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Heads Up: Have you developed ‘Text Neck?’

By Staff | Aug 27, 2015

Have you ever been told to sit up straight? It turns out that hunching your shoulders and keeping your head down while working, studying, reading or texting is not only bad for your posture, it can impact the health of your cervical spine (neck.)

Your head weighs approximately 12 pounds – if you spend a significant amount of time slumped over, the forces on your cervical spine are substantial. According to recent research, when you bend your head forward at 15 degrees, its weight effectively increases from 12 pounds to 27 pounds. At 45 degrees, your head exerts 49 pounds of force, and at 60 degrees, 60 pounds – this is like carrying an eight-year-old child around on your neck for several hours per day!

According to The Wireless Association, approximately 2 trillion text messages were sent in the U.S. last year. Smartphone users spend an average of two to four hours per day hunched over their devices, which amounts to 700 to 1,400 hours per year that they are exerting this stress on their necks. Additional time spent bent over a desk or computer, reading or studying, can compound the problem.

The purpose of the cervical spine is to contain and protect the spinal cord, to support the skull, and to enable diverse head movements (rotation side to side, bending forward, backward, and sideways). With proper posture, the weight of the head is held directly above the spine’s center of gravity. In a forward head position, where the head is held ahead of the center of gravity, stress on the cervical spine results. Long-term consequences may include pain, inflammation, muscle strain and spasm, disc herniation, arthritis, pinched nerves and loss of the cervical curve.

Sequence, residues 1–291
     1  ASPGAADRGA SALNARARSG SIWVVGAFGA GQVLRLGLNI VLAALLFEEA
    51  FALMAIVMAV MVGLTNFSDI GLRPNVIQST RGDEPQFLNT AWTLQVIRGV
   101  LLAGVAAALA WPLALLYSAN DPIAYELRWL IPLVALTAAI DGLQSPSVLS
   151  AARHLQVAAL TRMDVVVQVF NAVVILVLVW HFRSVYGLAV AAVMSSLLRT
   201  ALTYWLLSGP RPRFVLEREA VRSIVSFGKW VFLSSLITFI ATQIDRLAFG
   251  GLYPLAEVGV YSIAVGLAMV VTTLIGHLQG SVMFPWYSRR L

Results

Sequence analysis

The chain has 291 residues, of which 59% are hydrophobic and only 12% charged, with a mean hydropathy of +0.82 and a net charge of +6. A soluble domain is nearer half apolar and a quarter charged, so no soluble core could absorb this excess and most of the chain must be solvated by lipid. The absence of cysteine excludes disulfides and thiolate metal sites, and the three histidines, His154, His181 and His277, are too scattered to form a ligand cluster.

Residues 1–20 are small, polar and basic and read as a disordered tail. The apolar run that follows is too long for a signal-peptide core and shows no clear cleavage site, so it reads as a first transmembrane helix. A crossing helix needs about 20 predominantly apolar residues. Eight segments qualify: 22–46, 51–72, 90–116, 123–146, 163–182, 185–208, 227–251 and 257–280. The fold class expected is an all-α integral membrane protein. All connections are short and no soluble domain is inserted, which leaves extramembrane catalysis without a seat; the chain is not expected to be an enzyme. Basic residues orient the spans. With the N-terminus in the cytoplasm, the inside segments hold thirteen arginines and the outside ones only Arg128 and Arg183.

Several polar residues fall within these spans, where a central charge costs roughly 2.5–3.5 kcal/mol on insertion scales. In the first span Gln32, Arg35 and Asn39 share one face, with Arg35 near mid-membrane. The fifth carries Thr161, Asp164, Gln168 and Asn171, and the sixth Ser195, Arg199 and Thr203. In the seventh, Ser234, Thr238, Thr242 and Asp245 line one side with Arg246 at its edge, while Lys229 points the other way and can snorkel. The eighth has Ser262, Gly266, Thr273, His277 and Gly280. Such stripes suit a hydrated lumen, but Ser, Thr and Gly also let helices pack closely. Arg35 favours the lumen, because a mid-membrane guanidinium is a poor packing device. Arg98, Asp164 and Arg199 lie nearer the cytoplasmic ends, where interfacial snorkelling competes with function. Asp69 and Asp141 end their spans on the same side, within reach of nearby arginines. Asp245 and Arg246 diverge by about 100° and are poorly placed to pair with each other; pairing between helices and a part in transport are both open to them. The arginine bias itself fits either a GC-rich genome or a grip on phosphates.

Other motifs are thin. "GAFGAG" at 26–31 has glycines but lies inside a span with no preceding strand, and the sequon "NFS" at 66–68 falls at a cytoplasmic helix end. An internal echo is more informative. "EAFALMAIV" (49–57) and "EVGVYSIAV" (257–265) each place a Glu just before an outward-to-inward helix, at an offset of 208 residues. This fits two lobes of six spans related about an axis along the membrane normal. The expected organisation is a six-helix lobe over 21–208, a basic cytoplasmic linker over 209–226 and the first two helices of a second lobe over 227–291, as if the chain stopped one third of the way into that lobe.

Several suggestions to counteract “text neck” are as follows. First, hold your electronic device in front of you instead of bending your head down. Second, use a bookstand and/or proper computer ergonomics to prevent forward head posture while working or studying. Third, maintain spinal and core fitness through practices such as yoga, pilates, and/or weight training to keep supportive spinal muscles strong. Finally, undergo an examination with a chiropractor specializing in the cervical spine to determine whether a cervical injury is contributing to neck symptoms.

With over 20 years of experience as a specialist in the upper cervical spine, Upper Cervical Chiropractor Dr. Erin Elster, D.C., has been helping patients with cervical problems for the past two years on Maui. For more information, contact Dr. Elster in Kahului at (808) 866-6551 or www.erinelster.com.